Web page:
Alexander Nevsky – Medieval King Turned Russian Propaganda Tool

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The envoys of the Roman Pope attend Alexander Nevsky by Henryk Siemiradzki (1870) (Public Domain)

Alexander Nevsky – Medieval King Turned Russian Propaganda Tool

Nestled deep within an obscure crevice of Russian history, the tale of Prince Alexander Nevsky and his battle against Western crusaders at first appears as a highly interesting if half-forgotten turn of events, tracing the resilience and mettle of a lesser-known Slavic kingdom located on the fringes of Europe and Asia. Yet this story, at least the official version, is known to millions of Russians today, and has over the last few centuries embedded itself deeply within the narrative of the Russian State as a powerful metaphor, representing their eternal struggle against the West.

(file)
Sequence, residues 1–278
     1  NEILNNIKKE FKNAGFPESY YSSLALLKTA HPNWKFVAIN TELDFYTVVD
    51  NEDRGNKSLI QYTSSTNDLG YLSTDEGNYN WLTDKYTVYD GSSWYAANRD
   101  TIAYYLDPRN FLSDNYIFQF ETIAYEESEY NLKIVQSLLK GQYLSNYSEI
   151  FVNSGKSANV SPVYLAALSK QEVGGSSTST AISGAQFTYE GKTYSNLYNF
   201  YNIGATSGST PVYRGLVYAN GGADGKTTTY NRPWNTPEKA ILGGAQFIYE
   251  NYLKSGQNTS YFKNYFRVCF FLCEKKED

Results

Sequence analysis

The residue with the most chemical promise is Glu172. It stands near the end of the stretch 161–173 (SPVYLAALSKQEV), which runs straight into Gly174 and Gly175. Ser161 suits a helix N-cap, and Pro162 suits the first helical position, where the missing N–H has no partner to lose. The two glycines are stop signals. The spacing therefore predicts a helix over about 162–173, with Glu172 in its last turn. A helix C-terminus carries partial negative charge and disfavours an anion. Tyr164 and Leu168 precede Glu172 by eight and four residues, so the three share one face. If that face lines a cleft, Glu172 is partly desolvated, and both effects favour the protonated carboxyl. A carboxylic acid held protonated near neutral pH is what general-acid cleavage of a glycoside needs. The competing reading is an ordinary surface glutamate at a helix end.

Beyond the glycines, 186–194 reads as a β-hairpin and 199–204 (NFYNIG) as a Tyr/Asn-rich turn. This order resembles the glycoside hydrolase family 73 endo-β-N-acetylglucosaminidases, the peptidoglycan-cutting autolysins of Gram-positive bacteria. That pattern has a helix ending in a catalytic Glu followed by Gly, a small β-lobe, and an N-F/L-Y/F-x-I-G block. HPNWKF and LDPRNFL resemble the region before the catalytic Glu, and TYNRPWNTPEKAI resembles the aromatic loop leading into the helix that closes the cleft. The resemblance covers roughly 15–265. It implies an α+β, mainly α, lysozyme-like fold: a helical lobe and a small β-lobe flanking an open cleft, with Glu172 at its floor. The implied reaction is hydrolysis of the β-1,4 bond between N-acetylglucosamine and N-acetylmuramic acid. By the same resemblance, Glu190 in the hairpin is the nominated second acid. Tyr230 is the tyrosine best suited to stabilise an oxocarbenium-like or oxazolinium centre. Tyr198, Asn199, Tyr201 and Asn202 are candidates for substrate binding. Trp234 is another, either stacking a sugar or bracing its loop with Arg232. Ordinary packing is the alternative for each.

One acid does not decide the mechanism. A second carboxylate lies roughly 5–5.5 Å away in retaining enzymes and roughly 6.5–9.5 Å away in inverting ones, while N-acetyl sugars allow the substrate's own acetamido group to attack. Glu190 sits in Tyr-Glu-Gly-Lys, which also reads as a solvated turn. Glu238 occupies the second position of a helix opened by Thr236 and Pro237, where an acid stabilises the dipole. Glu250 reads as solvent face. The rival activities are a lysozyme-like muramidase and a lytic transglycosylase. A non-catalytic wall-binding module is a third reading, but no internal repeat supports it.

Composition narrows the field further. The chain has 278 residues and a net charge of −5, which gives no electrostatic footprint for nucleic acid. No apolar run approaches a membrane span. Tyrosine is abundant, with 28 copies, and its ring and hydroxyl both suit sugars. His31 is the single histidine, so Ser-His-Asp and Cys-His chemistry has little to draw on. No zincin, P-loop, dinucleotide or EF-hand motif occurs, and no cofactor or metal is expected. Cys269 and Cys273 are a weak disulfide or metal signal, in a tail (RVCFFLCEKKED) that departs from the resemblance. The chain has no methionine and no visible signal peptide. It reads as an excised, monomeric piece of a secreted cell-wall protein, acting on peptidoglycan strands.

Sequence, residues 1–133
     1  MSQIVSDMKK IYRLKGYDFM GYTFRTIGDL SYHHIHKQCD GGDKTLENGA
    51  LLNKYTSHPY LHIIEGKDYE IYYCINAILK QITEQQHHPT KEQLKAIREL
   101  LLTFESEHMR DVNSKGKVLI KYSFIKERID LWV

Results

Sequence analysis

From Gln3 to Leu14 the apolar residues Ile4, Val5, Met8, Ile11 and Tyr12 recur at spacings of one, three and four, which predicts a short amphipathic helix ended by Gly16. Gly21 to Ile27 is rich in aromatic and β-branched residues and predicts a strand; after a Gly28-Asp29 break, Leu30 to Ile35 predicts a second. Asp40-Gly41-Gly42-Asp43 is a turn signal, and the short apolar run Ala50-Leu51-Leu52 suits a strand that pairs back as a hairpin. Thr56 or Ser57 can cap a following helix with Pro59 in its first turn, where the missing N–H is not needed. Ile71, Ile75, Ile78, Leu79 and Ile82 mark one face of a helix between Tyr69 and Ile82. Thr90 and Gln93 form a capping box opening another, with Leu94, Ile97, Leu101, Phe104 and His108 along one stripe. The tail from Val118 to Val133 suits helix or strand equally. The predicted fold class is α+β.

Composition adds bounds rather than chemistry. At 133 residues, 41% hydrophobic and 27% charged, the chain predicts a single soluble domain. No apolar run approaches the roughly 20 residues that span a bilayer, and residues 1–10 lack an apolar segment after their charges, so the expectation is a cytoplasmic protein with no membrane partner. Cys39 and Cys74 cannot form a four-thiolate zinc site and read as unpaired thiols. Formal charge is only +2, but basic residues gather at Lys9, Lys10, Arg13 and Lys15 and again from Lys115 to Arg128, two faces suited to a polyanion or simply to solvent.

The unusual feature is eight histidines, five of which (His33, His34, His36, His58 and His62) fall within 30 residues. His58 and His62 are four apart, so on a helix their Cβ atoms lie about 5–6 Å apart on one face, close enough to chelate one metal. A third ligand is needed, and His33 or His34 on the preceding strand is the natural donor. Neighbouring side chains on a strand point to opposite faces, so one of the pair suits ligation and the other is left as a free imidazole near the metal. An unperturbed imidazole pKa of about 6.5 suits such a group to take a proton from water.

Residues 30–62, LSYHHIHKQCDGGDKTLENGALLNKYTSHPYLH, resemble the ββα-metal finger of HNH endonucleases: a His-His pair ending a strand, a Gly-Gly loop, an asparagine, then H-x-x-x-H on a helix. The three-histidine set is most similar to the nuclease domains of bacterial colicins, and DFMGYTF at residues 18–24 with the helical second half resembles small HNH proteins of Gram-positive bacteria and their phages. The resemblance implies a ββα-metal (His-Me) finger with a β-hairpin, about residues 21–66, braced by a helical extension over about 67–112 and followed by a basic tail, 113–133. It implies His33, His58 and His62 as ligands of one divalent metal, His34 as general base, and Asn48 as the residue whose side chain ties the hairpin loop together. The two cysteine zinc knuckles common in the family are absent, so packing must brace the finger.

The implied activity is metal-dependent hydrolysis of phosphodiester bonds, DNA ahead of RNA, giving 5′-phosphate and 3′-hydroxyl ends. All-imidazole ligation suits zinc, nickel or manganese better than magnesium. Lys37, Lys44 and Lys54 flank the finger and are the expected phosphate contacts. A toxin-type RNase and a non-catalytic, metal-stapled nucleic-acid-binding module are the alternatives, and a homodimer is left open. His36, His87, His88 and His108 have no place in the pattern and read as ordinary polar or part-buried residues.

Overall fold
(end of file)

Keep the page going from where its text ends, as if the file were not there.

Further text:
13th-century Novgorod as represented in Sergei Eisenstein's Alexander Nevsky (1938). (Public Domain)

13th-century Novgorod as represented in Sergei Eisenstein's Alexander Nevsky (1938). (Public Domain)

Even today, Alexander Nevsky, a commander of valor and honor who repelled the Mongolians, Swedes, and Germans from the lands of Novgorod, is invoked by Russians fighting in Ukraine who believe their aggression is actually a form of defense against the further incursions of the Western world. Yet a closer examination of his story, and the thrilling sagas of the Battle of the Neva and the Battle on the Ice, reveals a man more concerned with bravely resisting the advances of foreign forces than warmongering.


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